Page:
We debated for a long time over this – I actually suggested making two versions of the film, one with subtitles only on the signed bits, and one with full subtitles throughout. But the line producer, Scott, shot me down saying there wasn’t any point in excluding a deaf audience for the sake of trying to attract more mainstream viewers. The guy had a point.

Subtitled access to films in general is a sore point. On television it’s OK – the BBC and the other main terrestrial channels are more or less 100% subtitled. The quality varies – but mainly, it’s good. It’s on DVD and in cinemas where things get messy. Not all DVDs have subtitles, and even fewer films are screened with subtitles in UK cinemas. In fact a BBC Radio DJ, Sara Cox, recently complained on Twitter about her screening of Bridesmaids having English subtitles, which were there for the benefit of deaf viewers! Obviously, the deaf mob rose up and gunned her down for it, and it made the national newspapers. Prior to that, Charlie wrote an article for The Guardian about the current state of subtitle provision in the UK, which is an interesting read and might educate people about the problems… me, I just stick with DVDs nowadays.


In my review I mention that I see the film as a power fantasy, one that is, perhaps, especially welcome to deaf men, who find it difficult to communicate with the general public, and who might, on occasion, feel ostracized. Here they are presented with a protagonist whose disability is a strength, and makes him this amazing ladies man.  Not so much a question, but I wonder if you’d comment on that idea? 

Ooooooo! Well, there is that. But really, the underlying message is that… deaf people have sex, you know. Some of them are pretty good at it, too. You’d be amazed how many people don’t think of deaf or disabled people as sexual beings. It makes them uncomfortable. It makes them feel icky and not quite ‘right’. So Hands Solo is smashing down that prejudice with his very talented fists. I don’t think most people would see it as an attempt to paint deaf people as sexual tyrannosauruses (Predator reference there) – it’s obviously very exaggerated and silly, and as you see in the film, Hands’ hand brings him far more pain than pleasure.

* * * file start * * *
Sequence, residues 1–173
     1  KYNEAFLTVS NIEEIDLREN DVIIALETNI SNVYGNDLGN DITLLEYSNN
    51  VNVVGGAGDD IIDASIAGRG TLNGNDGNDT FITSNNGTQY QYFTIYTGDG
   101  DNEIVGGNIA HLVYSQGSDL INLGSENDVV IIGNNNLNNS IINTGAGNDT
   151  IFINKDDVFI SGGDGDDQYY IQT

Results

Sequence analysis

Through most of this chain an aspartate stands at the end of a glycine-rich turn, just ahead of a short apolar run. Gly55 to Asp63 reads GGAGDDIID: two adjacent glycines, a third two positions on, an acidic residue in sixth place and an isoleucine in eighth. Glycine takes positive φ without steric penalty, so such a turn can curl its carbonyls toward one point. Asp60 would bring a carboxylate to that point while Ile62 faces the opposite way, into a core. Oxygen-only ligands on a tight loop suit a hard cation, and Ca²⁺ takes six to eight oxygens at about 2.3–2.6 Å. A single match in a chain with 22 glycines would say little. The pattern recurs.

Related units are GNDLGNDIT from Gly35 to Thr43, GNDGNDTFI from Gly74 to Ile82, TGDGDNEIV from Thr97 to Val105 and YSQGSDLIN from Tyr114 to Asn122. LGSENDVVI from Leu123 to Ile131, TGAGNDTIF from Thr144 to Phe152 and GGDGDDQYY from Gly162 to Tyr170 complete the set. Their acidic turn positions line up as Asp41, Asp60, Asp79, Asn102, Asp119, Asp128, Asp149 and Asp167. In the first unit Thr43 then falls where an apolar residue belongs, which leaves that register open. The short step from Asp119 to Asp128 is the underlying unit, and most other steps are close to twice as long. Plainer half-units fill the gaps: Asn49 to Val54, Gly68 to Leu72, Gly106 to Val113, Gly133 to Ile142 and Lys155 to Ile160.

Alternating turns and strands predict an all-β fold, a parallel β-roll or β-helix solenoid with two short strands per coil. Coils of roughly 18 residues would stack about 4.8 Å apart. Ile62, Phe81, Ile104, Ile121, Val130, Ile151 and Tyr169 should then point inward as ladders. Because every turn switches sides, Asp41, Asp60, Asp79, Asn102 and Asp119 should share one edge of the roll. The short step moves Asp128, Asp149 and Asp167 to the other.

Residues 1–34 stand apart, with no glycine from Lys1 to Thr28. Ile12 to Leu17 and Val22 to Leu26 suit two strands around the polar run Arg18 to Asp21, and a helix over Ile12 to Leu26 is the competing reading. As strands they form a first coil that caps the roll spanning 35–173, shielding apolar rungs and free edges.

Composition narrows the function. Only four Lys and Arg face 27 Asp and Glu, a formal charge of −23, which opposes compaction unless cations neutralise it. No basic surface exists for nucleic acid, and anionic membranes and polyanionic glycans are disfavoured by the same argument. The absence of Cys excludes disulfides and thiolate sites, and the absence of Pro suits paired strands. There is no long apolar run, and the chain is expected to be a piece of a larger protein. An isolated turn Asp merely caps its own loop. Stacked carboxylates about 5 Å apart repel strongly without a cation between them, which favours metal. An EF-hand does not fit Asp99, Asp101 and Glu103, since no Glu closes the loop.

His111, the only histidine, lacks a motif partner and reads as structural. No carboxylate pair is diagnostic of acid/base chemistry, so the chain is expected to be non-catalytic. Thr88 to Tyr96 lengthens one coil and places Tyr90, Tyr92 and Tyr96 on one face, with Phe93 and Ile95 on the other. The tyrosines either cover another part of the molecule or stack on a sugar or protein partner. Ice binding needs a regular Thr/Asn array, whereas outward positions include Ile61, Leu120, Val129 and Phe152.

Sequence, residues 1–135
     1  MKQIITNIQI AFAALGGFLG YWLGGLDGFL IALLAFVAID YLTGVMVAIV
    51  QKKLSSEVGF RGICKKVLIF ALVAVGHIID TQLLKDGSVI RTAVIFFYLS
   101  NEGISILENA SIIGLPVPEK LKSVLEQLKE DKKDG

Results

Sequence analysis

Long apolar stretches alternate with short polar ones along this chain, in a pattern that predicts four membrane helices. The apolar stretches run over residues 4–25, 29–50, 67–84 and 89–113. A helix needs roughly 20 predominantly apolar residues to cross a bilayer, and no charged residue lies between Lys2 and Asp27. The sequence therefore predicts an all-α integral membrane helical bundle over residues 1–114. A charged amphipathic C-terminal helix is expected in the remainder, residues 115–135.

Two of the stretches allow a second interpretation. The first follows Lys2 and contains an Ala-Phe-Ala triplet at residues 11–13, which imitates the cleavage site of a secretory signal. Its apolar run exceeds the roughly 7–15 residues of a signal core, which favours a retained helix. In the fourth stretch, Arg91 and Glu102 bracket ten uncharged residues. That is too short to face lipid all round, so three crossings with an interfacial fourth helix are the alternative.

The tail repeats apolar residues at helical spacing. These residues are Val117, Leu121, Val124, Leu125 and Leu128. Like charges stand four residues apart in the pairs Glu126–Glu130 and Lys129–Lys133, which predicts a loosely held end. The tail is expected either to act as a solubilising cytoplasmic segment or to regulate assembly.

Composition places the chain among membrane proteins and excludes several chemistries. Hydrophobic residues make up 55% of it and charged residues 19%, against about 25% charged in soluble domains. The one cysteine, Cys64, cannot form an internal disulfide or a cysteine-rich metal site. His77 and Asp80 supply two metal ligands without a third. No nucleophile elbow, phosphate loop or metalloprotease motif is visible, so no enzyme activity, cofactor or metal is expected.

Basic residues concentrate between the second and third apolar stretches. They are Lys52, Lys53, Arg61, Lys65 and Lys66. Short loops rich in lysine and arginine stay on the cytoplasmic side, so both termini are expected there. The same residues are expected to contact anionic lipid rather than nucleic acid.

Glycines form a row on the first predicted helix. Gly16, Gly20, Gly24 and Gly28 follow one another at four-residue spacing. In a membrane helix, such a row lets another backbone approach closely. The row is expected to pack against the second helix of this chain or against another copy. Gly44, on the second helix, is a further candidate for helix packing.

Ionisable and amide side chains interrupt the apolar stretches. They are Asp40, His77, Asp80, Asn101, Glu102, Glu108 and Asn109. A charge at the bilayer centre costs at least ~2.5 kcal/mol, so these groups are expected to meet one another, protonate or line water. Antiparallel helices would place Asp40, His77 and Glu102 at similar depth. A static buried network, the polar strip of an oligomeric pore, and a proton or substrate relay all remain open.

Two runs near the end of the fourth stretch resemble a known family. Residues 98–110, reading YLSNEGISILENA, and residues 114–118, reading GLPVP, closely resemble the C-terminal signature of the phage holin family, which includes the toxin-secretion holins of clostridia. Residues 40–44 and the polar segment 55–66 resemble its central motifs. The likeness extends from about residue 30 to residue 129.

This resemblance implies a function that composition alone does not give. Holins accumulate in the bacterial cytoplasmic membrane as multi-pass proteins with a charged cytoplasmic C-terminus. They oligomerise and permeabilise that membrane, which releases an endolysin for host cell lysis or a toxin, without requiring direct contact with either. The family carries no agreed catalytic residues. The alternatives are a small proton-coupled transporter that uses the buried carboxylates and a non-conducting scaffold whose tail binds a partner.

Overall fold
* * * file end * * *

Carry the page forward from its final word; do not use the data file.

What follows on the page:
Summarize the involvement of the UK Film Council, Magic Hour, And 104 Films. What are your feelings on the UK Film Council getting the axe?

The Magic Hour scheme was set up by Justin Edgar’s production company, 104 Films with the UK Film Council. it was a funding scheme for deaf/disabled filmmakers to make short films and show them around the country. Hands Solo took a year to develop and make. The idea for the film came from Charlie, before we knew of Magic Hour. And once we got the funding from them everything moved a bit faster – script meetings, getting talent on board, auditions. Throughout the whole process Justin Edgar and Michelle Eastwood were incredibly supportive and helpful throughout the process.

For me a huge high point was getting a positive review in Sight & Sound and Empire magazine, as well as various newspapers. That was amazing. To see my film on the big screen at my local cinema in Sheffield, The Showroom, was also fantastic.

I only wish I could have worked with them again the following year, but you can’t have everything!


The Future?

Charlie and I have done three projects together – Hands SoloThe Fingerspellers and My Song. They’ve shown at festivals all over the world, and won lots of awards. I’m really proud of them all, and really pleased to have worked with Charlie and still be friends with him after all the stresses and strains of working together! We hoped to make another drama together this year but sadly the funding didn’t come through. We hope to work together again in the future but I’m looking forward to developing some dramas as a writer/director.

Charlie will be writing and directing more films himself which can only be a good thing for the rest of us!